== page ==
Know it all
Ever get into a conversation with a knows it all? No matter what, they smartly respond to each comment with a tutorial. These individuals are the un-coachable entrepreneurs.
What we know about them, although they may not realize this about themselves, is that constantly offering instruction blocks them from further learning. The desire for perfection limits their potential. They have less impact and influence because others typically perceive them as unapproachable and arrogant.
Humble, not arrogant
Removing the mask of “knowing it all” opens the door to further learning opportunities. If you’ve had the privilege of spending time with a true master, you realize they are typically humble people. Rather than remind everyone of their greatness, their grounded presence speaks for itself.
Psychology 101 teaches a basic concept regarding self-awareness called The Johari Window. We possess four quadrants.
1. Open. What you know about me and what I know about me. This information is easily available to everyone. Maybe it’s hair color, gender and height. Or, it could be what you find out about me when you search my name on Google. As we talk to one another, more comes out in the open through dialogue.
2. Hidden. It’s what I know about myself that you don’t know. My hidden desires, my dreams and my memories live in this quadrant. As I share these personal things with you, they’re no longer hidden. They then move into the open category.
3. Blind. This focuses on what you know about me that I don’t know. Your personal opinion about me. Or, how I tap my foot when I’m anxious. As we get to know each other better, you may reveal some of your thoughts and observations with me. Once I receive your feedback, that information transfers into the open category.
4. Unknown. The things in this category are unknown to me and unknown to you. My subconscious thoughts and forgotten memories live here. As our relationship grows, some of these hidden pieces of information can rise to the surface and move into one of the other categories. When I pursue challenges that stretch me, I often discover something about myself that had remained unknown until that moment.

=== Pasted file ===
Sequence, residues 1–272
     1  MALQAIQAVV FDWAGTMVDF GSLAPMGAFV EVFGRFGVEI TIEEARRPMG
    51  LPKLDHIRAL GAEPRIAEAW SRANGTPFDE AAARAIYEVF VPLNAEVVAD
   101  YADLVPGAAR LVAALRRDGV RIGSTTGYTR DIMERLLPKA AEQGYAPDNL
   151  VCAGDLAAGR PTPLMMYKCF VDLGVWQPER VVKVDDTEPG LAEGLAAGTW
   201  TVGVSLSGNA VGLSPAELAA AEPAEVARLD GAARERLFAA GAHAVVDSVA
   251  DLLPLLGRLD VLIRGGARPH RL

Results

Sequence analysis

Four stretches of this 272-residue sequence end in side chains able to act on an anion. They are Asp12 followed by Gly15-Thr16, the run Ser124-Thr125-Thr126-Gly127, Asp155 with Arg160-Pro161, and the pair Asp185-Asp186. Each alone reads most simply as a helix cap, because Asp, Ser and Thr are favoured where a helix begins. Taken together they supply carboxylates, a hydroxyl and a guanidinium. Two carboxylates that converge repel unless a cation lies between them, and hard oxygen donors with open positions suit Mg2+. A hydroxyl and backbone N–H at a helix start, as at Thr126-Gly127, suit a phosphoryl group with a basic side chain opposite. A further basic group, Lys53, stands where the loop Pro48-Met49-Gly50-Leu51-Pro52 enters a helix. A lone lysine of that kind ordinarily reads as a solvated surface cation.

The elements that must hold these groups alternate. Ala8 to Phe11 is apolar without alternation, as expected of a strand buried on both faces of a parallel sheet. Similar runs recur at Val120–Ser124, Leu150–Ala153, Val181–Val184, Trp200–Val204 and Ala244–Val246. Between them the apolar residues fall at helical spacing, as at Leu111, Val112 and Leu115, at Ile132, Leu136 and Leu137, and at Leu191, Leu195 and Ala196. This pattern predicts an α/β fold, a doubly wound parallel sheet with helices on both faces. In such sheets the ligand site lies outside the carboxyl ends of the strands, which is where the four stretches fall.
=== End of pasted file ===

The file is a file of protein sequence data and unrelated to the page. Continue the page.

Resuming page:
The open category expands as I share about myself, receive feedback from others and gain insight. This contributes to increased self-awareness.
Release the “know it all” burden
Growth occurs in a variety of ways. I no longer possess the desire to “know it all.” In fact, I really don’t want to know everything. That’s a huge burden to bear.
Instead, I learn from everyone. And often, the people that I believe are more unlikely to teach me something turn out to be my best teachers. Is that true for you, too?
Professors and mentors are your obvious teachers. Traditional classroom learning, however, only takes you so far. Experiential learning makes a greater impact.
Desire for control
Like many entrepreneurs, I like to be in control. When I was younger, I didn’t realize that my desire for control limited me, sometimes it created unnecessary tension or kept people at a distance. I decided to work on that part of me; the work is ongoing.
I love learning. And, my mind’s open to possibilities and opportunities that were previously hidden from me.
Now, I could claim that I did this all on my own. But that’s simply not true. My continuous work with a business coach, and participation in mastermind groups, significantly contributed to my transformation.